Arachne of Maeonia is a famous weaver. She lives in Lydia, part of western Asia Minor. She boasts that her art owes nothing to Athena, the patron goddess of the arts, and proposes to compete with the goddess in a weaving contest. Athena adopts the disguise of an old woman and warns Arachne that she should take back her proud words, but Arachne ignores her advice. (Note: Athena/Minerva is one of the few characters who is called by both a Greek and Roman name in this translation.)

They took delight in speed and craftsmanship
And there upon the looms Tyrian purple
Shaded to lavender and violet-rose
As though one saw the sun strike passing rain 
Its arrow like a ribbon across the sky,
A thousand colors streaming light within it,
Each melting into each where no eye sees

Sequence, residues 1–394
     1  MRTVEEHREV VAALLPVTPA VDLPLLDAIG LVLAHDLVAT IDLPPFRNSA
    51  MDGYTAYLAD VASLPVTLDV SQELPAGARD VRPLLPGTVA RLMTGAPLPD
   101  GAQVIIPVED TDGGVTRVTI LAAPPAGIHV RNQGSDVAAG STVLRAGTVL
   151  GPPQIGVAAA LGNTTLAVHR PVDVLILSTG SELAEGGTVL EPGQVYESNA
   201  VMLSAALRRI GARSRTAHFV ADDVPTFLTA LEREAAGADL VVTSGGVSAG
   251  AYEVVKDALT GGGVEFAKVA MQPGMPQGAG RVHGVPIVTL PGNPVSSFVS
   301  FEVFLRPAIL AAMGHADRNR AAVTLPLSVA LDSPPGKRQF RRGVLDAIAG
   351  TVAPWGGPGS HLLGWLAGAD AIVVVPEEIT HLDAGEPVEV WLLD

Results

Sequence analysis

One fade into the other, yet both far ends
Colors of distant hue — gold thread to bind them,
To weave the story of long years ago. 

Athena weaves four different scenes into the four corners of her cloth so that the girl will see the consequences of pride. The scenes are: Rhodope and Haemon of Thrace, mortals who took the names of gods and were turned into mountains for their presumption; the queen of Pygmy who was turned into a crane and sent to war against her people; Antigone daughter of Laomedon, the king of Troy, changed into a bird by Juno; and Cinyras, who boasted of his daughters‘ beauty, for which they were turned into the marble steps of Junos temple. Around all of these Athena wove the olive leaf, a sign of peace, her tree.